Be super careful and triple check your care labels before using chlorine bleach or fabric softener/fabric conditioner or dryer sheets in your load of technical fabrics. Chlorine bleach dissolves or weakens nylon and Lycra fibres, but the alternative of Oxygen Bleach is suitable for removing stains on some athletic clothing, including underwear. Fabric conditioners leave an additive behind on the fabrics which can make it dull in appearance and can feed the bacteria which create the sour gym odours in athletic clothes.
Personally I’m not particularly careful with my underwear and it shows in both their life span and their feel. My dryer doesn’t do a low heat cycle and because I live in the UK, if I hang too many things to dry my house gets quite damp. This results in me suffering from fraying or bobbling of fabrics, reduced elasticity leading to poor fit and chaffing and ultimately having to replace my underwear sooner than I’d like.
To shave, wax, epilate, laser or go au naturel?
A personal choice for sure, but one that can combine with the shape and fabric of your underwear to create massive chafing! In my experience, I seem to notice the sweat more if the pubic or armpit hairs are longer. In these cases, I will try to wear a good, sweat-wicking synthetic underwear unless I’m on a long plane ride or multi-day hike when odour mitigation becomes a consideration.
If you do decide to remove some hair before you go running, regardless of which method you use a good exfoliation prior to the run can work wonders for reducing the shaving bumps; however please bear in mind that trimming can produce the short sharp hairs that love to stab things – like you or your underwear and will inevitably get caught in the weave or knit of the fabric and pull for the whole run, adding another layer of mild irritation.
There is a wide-ranging choice of running underwear, and it’s only getting bigger! Whichever brands you pick bearing in mind shape, cut, fabric type and finish will help you chose the ones that suit you best. Treating your running underwear carefully in line with their fabric care instructions will help them last well, maintaining their shape and stretch and reducing their tendency to rub uncomfortably.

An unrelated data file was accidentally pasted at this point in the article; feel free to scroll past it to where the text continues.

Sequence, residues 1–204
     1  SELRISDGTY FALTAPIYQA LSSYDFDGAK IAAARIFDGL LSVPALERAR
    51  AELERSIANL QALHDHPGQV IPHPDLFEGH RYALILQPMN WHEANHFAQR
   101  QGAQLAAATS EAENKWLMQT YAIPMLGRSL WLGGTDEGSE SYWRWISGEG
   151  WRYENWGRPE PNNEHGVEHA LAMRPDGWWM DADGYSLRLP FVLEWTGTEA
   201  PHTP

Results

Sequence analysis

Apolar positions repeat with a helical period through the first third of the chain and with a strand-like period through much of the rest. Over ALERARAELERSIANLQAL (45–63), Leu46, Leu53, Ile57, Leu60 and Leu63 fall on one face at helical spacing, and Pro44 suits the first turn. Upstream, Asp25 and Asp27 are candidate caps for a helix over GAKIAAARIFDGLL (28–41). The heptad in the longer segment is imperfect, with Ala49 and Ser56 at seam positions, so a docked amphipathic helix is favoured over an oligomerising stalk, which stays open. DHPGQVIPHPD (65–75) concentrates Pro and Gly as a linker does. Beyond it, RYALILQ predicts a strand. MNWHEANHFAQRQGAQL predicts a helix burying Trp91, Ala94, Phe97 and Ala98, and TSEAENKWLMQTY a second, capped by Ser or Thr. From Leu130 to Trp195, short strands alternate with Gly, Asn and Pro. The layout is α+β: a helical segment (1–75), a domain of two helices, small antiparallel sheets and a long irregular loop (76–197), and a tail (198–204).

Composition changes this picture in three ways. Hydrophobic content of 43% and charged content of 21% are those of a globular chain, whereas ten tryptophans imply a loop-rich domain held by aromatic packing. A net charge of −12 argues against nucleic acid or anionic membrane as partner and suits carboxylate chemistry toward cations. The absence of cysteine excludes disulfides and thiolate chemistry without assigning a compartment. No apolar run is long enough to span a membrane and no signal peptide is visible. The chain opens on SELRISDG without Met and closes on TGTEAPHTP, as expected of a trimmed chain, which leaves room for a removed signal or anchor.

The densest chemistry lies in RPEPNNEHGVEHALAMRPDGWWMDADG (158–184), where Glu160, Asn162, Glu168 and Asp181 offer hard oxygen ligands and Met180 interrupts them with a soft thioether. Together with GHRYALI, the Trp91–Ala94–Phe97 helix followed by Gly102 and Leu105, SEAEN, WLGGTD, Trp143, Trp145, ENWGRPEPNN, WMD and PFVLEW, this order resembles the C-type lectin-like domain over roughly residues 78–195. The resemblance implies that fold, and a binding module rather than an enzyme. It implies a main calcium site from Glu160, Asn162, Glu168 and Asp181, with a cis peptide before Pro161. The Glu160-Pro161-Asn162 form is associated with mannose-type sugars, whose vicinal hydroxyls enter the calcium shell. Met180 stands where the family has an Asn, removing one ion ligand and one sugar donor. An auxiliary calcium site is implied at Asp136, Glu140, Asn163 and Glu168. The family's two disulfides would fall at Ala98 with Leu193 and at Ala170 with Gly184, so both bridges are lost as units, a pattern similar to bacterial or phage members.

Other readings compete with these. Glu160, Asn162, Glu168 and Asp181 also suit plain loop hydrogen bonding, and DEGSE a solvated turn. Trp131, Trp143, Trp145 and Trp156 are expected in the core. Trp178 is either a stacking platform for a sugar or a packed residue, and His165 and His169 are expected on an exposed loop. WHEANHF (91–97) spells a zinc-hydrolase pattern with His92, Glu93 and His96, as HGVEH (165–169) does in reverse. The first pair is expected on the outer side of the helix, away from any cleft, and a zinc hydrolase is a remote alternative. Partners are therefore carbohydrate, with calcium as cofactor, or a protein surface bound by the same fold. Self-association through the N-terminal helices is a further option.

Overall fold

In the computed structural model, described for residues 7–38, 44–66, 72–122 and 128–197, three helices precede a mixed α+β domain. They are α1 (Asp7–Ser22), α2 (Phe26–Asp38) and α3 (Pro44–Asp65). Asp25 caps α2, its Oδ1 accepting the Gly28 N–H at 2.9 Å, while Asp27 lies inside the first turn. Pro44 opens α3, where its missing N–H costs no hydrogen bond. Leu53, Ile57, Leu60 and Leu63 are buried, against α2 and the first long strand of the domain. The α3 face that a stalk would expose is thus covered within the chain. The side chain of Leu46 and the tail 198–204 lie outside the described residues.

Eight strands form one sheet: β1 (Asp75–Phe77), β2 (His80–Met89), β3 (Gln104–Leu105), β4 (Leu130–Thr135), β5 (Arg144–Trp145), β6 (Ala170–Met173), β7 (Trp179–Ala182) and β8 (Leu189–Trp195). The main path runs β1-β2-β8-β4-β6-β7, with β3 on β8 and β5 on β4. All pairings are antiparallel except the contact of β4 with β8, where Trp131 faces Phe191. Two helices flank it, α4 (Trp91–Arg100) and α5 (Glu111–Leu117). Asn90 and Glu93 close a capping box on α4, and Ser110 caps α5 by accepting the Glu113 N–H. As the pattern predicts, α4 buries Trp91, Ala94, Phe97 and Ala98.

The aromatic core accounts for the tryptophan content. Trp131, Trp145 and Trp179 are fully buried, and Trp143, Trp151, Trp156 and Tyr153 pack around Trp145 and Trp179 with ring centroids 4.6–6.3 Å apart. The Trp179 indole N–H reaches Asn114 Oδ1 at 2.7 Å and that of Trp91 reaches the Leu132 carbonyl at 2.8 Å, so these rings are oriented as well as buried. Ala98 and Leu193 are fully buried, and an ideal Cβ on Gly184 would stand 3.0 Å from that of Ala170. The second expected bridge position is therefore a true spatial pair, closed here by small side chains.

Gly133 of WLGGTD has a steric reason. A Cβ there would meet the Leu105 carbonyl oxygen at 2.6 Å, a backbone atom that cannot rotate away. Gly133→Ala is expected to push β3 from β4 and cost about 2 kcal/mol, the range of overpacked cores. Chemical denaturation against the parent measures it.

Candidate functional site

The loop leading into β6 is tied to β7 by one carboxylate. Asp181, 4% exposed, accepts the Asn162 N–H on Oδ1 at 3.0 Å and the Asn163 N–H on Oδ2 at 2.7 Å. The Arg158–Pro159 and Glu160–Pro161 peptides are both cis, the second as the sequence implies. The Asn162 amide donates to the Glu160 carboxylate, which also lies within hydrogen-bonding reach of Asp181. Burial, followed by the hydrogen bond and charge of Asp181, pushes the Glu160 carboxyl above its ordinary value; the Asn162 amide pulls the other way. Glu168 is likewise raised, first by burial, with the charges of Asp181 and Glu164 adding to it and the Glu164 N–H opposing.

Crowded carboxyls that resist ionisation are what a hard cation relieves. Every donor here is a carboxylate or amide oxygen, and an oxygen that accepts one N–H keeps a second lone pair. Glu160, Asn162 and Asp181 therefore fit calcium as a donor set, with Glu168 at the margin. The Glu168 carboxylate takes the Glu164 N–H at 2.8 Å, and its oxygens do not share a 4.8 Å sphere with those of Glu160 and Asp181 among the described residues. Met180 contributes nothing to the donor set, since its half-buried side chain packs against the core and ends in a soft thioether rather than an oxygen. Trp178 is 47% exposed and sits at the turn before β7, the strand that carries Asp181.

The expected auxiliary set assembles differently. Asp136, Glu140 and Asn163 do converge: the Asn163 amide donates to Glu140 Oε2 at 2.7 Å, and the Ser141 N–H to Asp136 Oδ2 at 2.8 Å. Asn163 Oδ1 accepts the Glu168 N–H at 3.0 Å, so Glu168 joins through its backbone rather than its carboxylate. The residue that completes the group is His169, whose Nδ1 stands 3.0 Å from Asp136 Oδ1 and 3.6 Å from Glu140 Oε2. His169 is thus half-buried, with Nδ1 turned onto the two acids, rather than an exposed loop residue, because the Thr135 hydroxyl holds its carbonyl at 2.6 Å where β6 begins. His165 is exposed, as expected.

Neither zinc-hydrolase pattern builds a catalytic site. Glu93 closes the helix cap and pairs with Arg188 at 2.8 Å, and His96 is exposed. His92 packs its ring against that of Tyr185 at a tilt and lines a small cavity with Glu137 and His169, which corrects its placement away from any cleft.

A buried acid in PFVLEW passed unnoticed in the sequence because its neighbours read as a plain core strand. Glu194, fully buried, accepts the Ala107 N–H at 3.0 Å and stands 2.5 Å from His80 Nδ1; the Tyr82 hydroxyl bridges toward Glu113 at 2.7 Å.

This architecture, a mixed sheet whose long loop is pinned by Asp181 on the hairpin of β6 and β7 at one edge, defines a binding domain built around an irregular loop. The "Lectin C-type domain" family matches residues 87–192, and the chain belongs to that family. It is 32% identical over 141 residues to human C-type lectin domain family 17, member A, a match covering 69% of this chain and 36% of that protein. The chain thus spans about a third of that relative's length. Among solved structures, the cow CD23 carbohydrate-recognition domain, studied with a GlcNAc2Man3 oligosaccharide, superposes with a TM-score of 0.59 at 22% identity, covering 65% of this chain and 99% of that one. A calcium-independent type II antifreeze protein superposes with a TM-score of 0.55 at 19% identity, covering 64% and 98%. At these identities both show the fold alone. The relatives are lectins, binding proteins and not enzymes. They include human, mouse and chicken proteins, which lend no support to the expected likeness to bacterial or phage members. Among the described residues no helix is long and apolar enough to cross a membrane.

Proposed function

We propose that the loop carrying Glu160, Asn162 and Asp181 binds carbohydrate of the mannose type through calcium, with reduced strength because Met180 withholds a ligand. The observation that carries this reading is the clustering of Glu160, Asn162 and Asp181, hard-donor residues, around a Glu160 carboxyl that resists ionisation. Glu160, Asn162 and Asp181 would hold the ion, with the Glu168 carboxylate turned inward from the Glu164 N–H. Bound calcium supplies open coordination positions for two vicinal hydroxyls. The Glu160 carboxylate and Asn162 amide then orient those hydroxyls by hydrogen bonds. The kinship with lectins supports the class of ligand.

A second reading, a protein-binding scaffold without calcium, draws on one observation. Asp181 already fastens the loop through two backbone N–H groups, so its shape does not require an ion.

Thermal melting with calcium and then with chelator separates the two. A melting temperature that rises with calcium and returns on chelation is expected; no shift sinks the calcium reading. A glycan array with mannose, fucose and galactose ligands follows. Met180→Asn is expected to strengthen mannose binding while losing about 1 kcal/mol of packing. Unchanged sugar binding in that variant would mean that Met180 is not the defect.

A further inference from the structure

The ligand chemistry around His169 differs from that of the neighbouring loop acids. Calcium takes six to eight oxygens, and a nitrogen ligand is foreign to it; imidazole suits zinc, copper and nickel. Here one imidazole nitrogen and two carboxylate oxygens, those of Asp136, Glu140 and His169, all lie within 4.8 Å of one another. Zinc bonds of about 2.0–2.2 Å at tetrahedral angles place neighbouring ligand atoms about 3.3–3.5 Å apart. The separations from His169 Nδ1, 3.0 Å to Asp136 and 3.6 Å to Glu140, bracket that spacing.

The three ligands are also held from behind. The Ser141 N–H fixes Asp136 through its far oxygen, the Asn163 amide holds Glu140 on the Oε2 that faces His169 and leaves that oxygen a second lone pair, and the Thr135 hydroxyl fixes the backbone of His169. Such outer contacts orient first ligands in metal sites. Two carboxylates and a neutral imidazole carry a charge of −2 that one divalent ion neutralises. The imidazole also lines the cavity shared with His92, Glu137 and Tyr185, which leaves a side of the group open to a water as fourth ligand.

What do you think? Any advice you can give? I’ve reviewed my current favourite running underwear here, can you guess what it is?
Thank you for sharing this informative post about running underwear. I’m not a runner myself but I would like to be informed about stuff. Everything needs to be taken care of in life if we are to benefit from them and keep them for longer as you’ve stated in your last statement about running underwear. I wonder if those u nderwears can be used for jogging as well or one can use different apparel for jogging?
Hi Maggie, Thanks for your comment, running underwear is perfectly suited to jogging and walking. The only additional thing I tend to consider is if I’m on a particularly long (multi-day) walk or hike, I will tend to chose underwear based on predominantly natural materials (wool or bamboo) because it tends to resist odours better than synthetic materials.
You are so right, the choice of underwear for runners is so enormous it’s difficult to make a decision on what to buy so I found this article really useful. Despite being on the slim side, I also have a big round bum and ever expanding thighs so I have taken a note of your preference. Re shaving, my top tips are to leave the shave gel on for a minute or 2 – this really softens the hair and you are less likely to get shave bumps, also put a good body lotion on afterwards and all should remain smooth!
Keep up the good work.
I’m glad I could help with the running underwear choice! Thank you for the shaving tip, I’ll try your shave gel trick. I’ve also found regularly exfoliating and using toner after shaving but before moisturising helps with the shaving too.